The California Consumer Privacy Act (Act) was signed into law on September 23, 2018 and is one of the most stringent privacy laws in the United States. It shares similarities with the European Union’s General Data Protection Regulation (GDPR), including its extraterritorial reach and grant of expansive rights to California residents on how their personal information is collected, used and disclosed. Businesses worldwide that collect California consumers’ personal information will be affected and will face a compliance date of January 1, 2020.

What Businesses are Covered?

The Act will apply to a business and its subsidiaries if it collects or receives personal information from California residents, directly or indirectly, and meets one or more of the following criteria:

  • The business has annual gross revenue that exceeds US $25 Million;
  • The business annually receives, buys, sells or shares, directly or indirectly, the personal information of 50,000 or more California residents, devices, or households; or
  • 50% or more of its annual revenue is derived from the sale of personal information about California consumers.

Personal Information is Broadly Defined

The Act defines “personal information” as information that identifies, relates to, describes, is capable of being associated with, or could reasonably be linked, directly or indirectly, with a particular consumer or household (e.g., name, alias, postal address, unique personal identifier, online identifier, email address, account name, social security number, driver’s license number, passport number, biometric information, employment information, internet activity or other similar identifiers).

Non-Compliance Penalties

California’s attorney general is empowered to bring an action against any company or individual person violating the Act. The Act allows for fines of up to $2,500 per violation or $7,500 per intentional violation. There is no cap on the total amount of fines. Businesses have a period of 30 days to remedy alleged violations of the law before a fine can actually be assessed.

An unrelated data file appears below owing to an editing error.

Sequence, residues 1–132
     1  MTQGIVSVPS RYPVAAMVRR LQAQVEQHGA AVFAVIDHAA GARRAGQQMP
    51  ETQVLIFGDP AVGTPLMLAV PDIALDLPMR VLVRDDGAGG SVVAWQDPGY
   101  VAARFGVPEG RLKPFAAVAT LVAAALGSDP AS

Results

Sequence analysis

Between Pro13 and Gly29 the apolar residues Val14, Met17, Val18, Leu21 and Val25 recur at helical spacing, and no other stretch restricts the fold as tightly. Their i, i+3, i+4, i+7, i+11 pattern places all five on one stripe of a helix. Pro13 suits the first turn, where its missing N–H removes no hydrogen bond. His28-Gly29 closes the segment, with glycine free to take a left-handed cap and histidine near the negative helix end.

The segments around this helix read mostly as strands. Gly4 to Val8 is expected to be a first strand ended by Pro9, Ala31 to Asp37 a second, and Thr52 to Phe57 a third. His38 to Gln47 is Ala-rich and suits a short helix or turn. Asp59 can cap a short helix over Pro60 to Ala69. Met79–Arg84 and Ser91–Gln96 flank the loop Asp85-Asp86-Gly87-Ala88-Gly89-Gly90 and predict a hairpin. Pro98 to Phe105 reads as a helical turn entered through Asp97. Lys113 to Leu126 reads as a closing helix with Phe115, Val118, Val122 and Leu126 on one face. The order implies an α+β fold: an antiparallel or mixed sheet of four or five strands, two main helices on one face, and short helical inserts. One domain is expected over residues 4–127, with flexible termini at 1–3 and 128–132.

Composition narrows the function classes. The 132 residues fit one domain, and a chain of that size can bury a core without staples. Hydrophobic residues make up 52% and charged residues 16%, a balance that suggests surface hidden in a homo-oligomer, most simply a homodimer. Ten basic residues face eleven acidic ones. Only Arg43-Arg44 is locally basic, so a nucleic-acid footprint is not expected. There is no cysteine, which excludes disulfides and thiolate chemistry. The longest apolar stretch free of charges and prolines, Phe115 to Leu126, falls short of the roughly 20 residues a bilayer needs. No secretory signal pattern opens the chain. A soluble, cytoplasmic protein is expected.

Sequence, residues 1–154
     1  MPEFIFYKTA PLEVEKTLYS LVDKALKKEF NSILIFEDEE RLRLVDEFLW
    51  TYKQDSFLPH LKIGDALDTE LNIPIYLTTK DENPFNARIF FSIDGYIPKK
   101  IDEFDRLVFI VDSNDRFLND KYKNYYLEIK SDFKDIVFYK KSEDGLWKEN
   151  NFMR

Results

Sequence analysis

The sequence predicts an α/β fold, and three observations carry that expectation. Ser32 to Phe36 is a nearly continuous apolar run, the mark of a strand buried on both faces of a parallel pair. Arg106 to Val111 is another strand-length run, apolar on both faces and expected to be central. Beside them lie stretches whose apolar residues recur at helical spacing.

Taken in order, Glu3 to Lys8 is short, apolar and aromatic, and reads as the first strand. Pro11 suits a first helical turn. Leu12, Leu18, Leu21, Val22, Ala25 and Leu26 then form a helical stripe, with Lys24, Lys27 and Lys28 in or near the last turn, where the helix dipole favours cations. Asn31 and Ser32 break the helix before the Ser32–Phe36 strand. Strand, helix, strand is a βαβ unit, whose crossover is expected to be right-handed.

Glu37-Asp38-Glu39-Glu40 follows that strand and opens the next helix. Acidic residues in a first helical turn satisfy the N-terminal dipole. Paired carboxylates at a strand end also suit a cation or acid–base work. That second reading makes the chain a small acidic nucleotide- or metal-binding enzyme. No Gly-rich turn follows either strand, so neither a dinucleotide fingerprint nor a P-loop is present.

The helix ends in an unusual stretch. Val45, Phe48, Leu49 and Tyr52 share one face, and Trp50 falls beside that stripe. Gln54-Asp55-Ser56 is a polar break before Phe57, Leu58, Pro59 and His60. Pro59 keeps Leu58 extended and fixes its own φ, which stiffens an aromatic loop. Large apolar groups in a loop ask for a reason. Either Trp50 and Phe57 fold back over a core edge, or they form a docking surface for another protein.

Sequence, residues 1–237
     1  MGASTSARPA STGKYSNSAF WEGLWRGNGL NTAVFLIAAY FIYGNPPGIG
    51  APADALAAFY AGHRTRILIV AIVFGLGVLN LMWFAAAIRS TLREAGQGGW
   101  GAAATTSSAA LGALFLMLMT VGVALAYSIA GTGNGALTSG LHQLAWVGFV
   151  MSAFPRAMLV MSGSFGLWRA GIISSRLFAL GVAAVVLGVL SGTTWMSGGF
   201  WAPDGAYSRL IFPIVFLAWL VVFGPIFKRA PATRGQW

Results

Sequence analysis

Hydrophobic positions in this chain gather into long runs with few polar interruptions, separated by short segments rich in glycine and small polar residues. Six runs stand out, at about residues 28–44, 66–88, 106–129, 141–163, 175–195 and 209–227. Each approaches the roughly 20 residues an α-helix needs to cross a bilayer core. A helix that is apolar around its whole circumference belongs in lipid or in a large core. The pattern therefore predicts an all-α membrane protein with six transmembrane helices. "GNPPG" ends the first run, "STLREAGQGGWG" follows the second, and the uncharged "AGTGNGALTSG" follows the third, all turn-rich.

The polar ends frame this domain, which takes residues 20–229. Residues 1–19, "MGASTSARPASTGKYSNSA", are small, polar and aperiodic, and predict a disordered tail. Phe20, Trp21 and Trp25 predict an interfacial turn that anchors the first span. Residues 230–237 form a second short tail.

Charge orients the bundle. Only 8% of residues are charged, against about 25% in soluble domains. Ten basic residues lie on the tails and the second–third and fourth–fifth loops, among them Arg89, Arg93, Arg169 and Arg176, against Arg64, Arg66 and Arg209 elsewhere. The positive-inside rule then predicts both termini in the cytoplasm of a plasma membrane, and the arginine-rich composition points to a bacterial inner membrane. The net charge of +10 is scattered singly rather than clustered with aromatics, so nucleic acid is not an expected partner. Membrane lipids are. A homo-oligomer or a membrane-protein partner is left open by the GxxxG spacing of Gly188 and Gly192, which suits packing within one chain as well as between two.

For example, under the Act a violation impacting 1,000 California consumers could carry a penalty of $2.5 million for an unintentional violation and as much as $7.5 million for an intentional one.

Private Right of Action

The Act authorizes a private right of action that allows consumers to seek statutory or actual damages if their sensitive personal information is subject to unauthorized access, theft or disclosure as a result of a business’s failure to implement and maintain required reasonable security measures. Statutory damages can be between $100 and $750 per California resident “per incident,” or actual damages, whichever is greater. The damages provision does not apply if the personal information is redacted or encrypted.

Last Minute Amendments

Finally, amendments to the Act signed into law on October 11, 2019 made changes to the Act, including a one-year moratorium from complying with many provisions for employee data collected from businesses in the B2B context.

Click here for the latest information.

No-Poach Agreements Face Criminal Antitrust Enforcement

In almost all instances, a violation of the federal antitrust laws involves an agreement, understanding or conspiracy among competitors who are selling the same type of products or services, or between suppliers and the resellers of those products or services. The Antitrust Division of the US Justice Department has stepped up enforcement actions against companies who are not direct competitors or are not in a seller-buyer relationship who enter into no-poach agreements. And – importantly – the government has announced its intention to proceed criminally against employers who make no-poach or no-hire agreements.

A no-poach agreement involves an agreement between two or more employers not to compete for each other’s employees, including a promise not to hire or recruit each other’s workers. These no-poach agreements are per se unlawful under the antitrust laws because they eliminate competition in the same manner as agreements to fix prices – they eliminate competition for human resources, thus denying employees the benefit of competitive labor markets.

If a company enters into or continues a no-poach agreement or understanding with one or more companies, there is a significant antitrust risk of criminal penalties as well as civil triple damage lawsuits by private parties under the federal antitrust laws.